Finally, here’s a closer shot of the keys from an angle so you can see what I mean about the aged feel to the keycaps.
Deck 82 Backlighting
The Deck 82 mechanical keyboard has 8 different levels of brightness to the LEDs, from Off to 7. You can change the brightness setting by pressing the Fn key and the up or down arrows to adjust the setting one step at a time, or you pressing the Fn key and 0-7 to jump immediately to that brightness level.
The above image shows off the lights at max brightness. You can also get a good feel for the Deck 82 mechanical keyboard layout and key sizes here, as well as the key font.
In these photos, I have some artisan keycaps on the right side to give you a feel for how they light up with these top-mounted LED lights.
Here’s a close-up of the keys while backlit. The bursts of white coming from between some of the keys is actually the PCB which illuminates nicely.
The Caps Lock indicator light is built into the Caps Lock key itself, which is a smart way to save space. There’s no Scroll Lock or Num Lock on this keyboard.
Also worth noting, the USB plug has a blue LED built into it. As you can tell, Deck has looked at every detail on this TKL mechanical keyboard. I had a lot of fun testing it out and can say that this would be an excellent fit for everyday typing or gaming.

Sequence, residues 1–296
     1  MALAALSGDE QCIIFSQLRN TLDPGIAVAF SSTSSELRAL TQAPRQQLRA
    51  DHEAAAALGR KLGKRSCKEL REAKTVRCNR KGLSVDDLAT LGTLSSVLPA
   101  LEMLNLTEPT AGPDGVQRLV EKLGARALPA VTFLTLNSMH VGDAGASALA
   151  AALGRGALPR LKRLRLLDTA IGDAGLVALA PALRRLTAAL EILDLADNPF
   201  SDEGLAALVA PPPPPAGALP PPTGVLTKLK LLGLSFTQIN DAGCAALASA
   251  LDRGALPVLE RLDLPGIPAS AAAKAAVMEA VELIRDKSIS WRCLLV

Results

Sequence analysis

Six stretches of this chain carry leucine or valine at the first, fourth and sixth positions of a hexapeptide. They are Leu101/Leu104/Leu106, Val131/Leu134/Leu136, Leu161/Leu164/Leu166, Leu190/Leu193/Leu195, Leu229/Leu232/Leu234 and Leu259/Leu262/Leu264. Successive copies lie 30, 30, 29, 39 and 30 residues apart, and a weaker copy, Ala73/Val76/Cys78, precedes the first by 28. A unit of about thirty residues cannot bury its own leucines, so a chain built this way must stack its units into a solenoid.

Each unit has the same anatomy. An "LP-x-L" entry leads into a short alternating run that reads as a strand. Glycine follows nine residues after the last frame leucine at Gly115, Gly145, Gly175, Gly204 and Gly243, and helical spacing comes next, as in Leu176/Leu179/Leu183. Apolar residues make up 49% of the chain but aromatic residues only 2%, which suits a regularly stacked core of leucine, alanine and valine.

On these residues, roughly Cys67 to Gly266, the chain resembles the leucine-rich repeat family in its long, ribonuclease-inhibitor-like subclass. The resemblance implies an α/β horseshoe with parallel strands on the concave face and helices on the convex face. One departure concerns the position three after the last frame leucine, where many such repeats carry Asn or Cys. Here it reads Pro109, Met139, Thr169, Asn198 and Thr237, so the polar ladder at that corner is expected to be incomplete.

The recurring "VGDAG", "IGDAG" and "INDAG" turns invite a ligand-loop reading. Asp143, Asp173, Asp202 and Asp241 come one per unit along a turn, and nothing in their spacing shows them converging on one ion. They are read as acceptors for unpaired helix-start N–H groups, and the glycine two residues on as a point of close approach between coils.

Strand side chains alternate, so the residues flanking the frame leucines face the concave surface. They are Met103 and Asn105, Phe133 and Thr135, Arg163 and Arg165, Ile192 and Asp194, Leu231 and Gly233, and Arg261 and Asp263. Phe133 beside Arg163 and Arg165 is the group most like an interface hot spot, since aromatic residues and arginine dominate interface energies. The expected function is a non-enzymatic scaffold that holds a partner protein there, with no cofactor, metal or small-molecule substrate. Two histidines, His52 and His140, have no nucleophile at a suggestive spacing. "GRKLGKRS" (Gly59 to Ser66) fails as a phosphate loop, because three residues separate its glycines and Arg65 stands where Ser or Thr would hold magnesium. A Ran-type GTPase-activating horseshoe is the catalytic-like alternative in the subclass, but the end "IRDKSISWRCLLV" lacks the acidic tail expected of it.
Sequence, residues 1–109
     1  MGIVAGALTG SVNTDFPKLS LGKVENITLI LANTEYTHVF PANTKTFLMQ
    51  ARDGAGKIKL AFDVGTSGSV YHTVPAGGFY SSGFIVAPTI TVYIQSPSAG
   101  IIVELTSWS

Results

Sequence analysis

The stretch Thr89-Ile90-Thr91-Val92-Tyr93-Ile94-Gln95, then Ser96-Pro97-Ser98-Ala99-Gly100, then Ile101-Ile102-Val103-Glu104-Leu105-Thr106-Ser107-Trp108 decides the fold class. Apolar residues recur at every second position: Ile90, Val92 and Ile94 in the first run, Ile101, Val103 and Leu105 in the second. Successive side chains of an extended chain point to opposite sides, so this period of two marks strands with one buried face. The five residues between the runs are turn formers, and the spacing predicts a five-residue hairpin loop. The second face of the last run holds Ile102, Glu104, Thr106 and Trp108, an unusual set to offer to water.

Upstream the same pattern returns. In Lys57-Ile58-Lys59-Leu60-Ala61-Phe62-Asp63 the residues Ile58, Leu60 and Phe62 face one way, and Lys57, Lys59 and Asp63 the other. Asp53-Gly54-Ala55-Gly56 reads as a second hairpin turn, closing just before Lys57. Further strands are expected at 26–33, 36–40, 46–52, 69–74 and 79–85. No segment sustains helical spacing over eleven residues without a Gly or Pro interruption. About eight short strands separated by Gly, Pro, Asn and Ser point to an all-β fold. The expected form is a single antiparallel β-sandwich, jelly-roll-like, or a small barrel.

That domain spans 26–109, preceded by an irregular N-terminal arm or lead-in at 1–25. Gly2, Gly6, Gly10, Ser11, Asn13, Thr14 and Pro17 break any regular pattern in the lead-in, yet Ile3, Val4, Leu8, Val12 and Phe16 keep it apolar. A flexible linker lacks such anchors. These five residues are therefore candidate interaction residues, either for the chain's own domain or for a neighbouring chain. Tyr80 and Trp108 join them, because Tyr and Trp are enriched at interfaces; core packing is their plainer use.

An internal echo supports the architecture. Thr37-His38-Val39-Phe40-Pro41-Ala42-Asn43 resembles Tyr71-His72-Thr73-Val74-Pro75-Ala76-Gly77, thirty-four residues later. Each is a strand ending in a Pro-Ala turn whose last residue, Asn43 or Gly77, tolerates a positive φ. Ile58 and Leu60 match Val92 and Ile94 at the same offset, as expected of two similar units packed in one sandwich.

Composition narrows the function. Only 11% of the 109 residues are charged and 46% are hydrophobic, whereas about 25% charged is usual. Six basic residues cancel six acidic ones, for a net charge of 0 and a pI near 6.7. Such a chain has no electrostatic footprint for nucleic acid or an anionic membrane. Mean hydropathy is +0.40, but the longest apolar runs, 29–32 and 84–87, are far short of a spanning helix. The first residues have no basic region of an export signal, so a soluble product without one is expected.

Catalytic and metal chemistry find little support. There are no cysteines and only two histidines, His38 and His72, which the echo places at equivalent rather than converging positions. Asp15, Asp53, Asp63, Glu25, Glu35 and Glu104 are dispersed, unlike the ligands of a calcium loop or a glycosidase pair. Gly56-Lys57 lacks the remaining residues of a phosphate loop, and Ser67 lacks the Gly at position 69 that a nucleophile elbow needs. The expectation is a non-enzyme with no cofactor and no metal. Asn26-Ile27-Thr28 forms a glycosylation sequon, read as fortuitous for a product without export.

Deck 82 Layout and Form Factor
The 75% form factor is somewhat rare, so it’s important to take a look at this keyboard’s layout (placement of the keys) as well as the form factor (size of keyboard and how many keys). It really all comes down to personal preference. You’ll notice on this keyboard there is no right Ctrl or Alt, which could be a detriment to some people.
One other thing to note about this keyboard’s form factor, you won’t be able to replace all the keycaps with most keycap sets because there are so many non-standard key sizes on this mechanical keyboard.
Here’s a comparison of the Deck 82 to a WASD 87-Key Custom, which has a tenkeyless form factor. The Deck 82 mechanical keyboard is just a tiny bit wider but substantially shorter.
Deck 82 Overall Verdict
The Deck 82 mechanical keyboard is very interesting and unique. Whether or not you should buy this keyboard will come down to your specific needs and desires. Unlike other TKL mechanical keyboards that I’ve tried before, this one has a gaming type aesthetic while maintaining a simplistic look.
If you want a keyboard you can easily modify, find the 60% keyboard layout to be too limiting, and don’t mind not replacing out all the keys with a new set of keycaps, this is a great keyboard to pick up. Also, I really like the unique design of the Deck 82 keyboard. Also, the backlighting on this keyboard looks really nice.
If you’re uncertain about the Deck 82 mechanical keyboard, checkout the Amazon reviews (link below). That’s it for this review – leave a comment below if you’ve got a chance to test this mechanical keyboard out. If you’re looking for mechanical keyboards geared towards programmers, check out our article here for reviews of the best mechanical keyboards for programmers.